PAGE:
I'm just going to say it: searching for a fun and blissful life is dangerous if we're working with a shallow definition of 'fun' or of 'bliss.' In fact, I would argue that doing that will lead to our missing out on more than half of our human experience. Here's the problem. We live in a commercial culture that has gone way beyond basic laws of supply and demand, of production and consumption. We now live in an environment in which a disproportionate amount of a business' resources is allocated to the manipulative effort of selling us things that, in rational terms, we might not need... or even desire! Nevertheless, we convince ourselves (with expert help from those selling us things) that signing up for yoga or the gym will make us fit, that buying high fashion couture will make us classy, or buying vintage will make us hip, that reading purposefully dramatic and misleading headlines will make us knowledgeable about current events, and that getting 30% off a purchase is actually a favor from the store and a one-time opportunity to save money!
Too many of us are feeding only the side of the equation that defines escapism. At some point, we have been led away from the Epicurean definition of pleasure as 'the absence of pain' and we've been operating on a manufactured pathway to 'fun' and life 'fulfillment.' And now we're conditioned to not only run away from any conflict or discomfort, but to label those who accept it as a reality of life as stupid, or unreasonable, or overachieving, because, say we, they're not smart enough, progressive enough to know how to get things without discomfort. The best things in life are free... have you heard that? NOTHING IS FREE. And certainly not the best things in life. ENERGY IS REQUIRED BY ALL PROCESSES.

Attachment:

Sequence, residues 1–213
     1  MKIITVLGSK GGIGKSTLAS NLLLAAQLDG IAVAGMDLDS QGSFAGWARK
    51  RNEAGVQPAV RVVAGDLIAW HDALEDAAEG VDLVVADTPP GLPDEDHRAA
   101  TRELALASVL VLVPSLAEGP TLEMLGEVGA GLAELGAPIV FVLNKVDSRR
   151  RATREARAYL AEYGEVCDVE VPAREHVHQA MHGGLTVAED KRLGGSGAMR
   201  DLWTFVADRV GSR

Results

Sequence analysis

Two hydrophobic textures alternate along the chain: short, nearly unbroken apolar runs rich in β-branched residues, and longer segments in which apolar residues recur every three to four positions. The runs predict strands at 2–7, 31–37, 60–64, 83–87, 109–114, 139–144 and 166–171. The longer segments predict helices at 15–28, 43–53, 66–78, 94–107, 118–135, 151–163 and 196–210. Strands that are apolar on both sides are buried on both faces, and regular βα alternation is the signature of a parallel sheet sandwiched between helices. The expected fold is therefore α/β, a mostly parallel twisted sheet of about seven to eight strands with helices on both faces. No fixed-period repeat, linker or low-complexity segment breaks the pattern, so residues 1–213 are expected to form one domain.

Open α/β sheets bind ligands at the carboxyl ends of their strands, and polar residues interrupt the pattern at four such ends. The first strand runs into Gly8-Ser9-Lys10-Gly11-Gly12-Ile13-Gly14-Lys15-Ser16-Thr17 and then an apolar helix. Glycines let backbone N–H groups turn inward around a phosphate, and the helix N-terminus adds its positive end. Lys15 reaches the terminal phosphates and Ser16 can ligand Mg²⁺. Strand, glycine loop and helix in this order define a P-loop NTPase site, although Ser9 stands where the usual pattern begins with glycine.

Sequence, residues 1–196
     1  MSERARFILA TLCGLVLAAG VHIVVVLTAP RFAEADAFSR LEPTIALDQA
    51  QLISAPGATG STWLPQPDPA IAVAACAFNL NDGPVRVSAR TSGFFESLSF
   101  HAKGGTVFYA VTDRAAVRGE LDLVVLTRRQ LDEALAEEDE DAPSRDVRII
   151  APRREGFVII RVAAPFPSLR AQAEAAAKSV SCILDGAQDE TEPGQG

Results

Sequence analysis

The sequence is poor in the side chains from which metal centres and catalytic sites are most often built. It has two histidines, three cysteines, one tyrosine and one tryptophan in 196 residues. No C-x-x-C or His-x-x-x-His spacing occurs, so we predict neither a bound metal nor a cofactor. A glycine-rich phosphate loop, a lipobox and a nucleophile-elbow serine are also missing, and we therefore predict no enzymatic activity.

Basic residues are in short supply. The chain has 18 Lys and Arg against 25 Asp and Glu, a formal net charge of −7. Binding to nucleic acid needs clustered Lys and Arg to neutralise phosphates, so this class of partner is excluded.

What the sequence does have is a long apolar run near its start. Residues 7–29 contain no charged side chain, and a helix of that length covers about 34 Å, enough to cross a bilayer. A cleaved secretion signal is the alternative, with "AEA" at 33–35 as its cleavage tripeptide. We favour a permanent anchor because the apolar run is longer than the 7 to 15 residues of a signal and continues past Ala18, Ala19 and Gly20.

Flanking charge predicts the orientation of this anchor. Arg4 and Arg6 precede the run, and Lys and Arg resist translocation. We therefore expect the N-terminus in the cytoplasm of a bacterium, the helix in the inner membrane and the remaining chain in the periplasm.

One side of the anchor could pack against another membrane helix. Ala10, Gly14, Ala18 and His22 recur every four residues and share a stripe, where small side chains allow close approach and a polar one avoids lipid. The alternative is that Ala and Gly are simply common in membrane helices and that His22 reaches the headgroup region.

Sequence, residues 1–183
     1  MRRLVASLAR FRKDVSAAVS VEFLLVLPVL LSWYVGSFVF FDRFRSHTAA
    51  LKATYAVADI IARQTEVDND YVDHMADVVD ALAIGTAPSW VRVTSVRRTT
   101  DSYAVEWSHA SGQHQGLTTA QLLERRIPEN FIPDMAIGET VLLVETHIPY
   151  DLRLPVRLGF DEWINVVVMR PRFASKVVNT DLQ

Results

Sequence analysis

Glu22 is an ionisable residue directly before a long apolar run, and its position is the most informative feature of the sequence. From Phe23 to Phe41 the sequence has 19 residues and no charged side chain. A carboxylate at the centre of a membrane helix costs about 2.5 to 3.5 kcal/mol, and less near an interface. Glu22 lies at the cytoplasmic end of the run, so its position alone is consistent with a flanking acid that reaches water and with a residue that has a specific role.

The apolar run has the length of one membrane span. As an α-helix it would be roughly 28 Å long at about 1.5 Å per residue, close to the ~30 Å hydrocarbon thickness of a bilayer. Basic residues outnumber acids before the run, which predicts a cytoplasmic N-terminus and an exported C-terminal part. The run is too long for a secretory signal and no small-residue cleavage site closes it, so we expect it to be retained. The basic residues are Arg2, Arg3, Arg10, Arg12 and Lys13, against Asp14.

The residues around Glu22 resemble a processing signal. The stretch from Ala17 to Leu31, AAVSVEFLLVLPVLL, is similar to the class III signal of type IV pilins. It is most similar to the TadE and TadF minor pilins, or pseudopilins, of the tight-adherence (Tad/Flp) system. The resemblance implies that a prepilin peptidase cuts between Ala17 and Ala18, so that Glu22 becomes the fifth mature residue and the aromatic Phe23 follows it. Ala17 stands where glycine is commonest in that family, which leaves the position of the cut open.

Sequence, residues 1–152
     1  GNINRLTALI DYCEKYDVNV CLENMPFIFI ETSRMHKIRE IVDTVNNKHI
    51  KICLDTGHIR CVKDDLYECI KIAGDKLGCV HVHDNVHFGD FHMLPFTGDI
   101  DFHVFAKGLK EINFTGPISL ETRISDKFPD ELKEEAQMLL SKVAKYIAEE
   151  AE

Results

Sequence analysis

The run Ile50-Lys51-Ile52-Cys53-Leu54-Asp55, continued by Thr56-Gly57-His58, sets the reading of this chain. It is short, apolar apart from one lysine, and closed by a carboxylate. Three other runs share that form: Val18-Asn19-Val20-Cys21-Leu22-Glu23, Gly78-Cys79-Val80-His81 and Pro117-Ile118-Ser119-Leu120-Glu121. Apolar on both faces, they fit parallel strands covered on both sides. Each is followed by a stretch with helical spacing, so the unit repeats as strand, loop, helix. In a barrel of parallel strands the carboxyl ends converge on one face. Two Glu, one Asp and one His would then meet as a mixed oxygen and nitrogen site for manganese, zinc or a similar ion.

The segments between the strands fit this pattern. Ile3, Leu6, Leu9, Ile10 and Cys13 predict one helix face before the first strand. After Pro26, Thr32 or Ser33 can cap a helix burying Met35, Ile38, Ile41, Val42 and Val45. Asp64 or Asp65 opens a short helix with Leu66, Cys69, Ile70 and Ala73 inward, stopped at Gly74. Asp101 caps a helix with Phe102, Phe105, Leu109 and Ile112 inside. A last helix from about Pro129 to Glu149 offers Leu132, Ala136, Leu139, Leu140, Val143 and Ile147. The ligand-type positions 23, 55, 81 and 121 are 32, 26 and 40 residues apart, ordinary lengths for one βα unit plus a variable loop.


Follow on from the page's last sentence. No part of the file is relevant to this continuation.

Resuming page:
And here's where an actor's FOCUS comes in. Wherever my focus goes, my energy goes. In real life, and given the choice, I will choose to place mostly my focus on things and people that give me the sense of pleasure, or comfort, of gratifying personal aesthetic. I will choose to spend the least time on those things I find challenging, tragic, insurmountable, and self-defined as 'ugly.' But as an actor, I train to engage in the latter in almost every scene. Good plays, good scripts, place the characters in difficult situations through which they have to struggle if they are to achieve their objective. We are trained not to deflect, but to take things personally and to deal with them relative to the value of what we desire. And the one weapon that trumps them all in this fight is the actor's sense of truth. Truth of the situation. Truth of the nature of the relationship. Truth of my intentions. Of course, the character may behave in escapist or self-manipulating ways, but the actor knows that the source of that is insecurity, or fear, or an overwhelming sense of greed, etc.. However, in real life, we sometimes 'act ' the self-deluding scene so often that we start believing we are the behavior, and forget its source. An actor knows that words don't mean anything until we've grappled with searching where they come form... that is, until we search for, and find, the truth.
Self-deception and escapism create a malignant tumor that eventually manifests. Facing our own truth, no matter how painful, is the only thing that eventually creates positive and lasting change. Running away from problems in a relationship can cost years off your life. Lying to yourself about your motivations, your capabilities can rob you of your otherwise invincible sense of confidence. Escaping into behaviors that treat the symptoms but leave the virus intact will rob you of your health. I say that because I've experienced them all. If only I had had the strength and the focus of an actor battling for his character. If only I had know the value of going through the pain of honesty and its ability to then set you, and everyone else, free. If only I had not run off the stage, but stayed and dealt with the obstacle... If only I had accepted that pain is, indeed, inevitable. Maybe then I wouldn't have chosen to suffer through it.
But now I am an actor. And now I know. Stay in the room. Move through it. Not around it.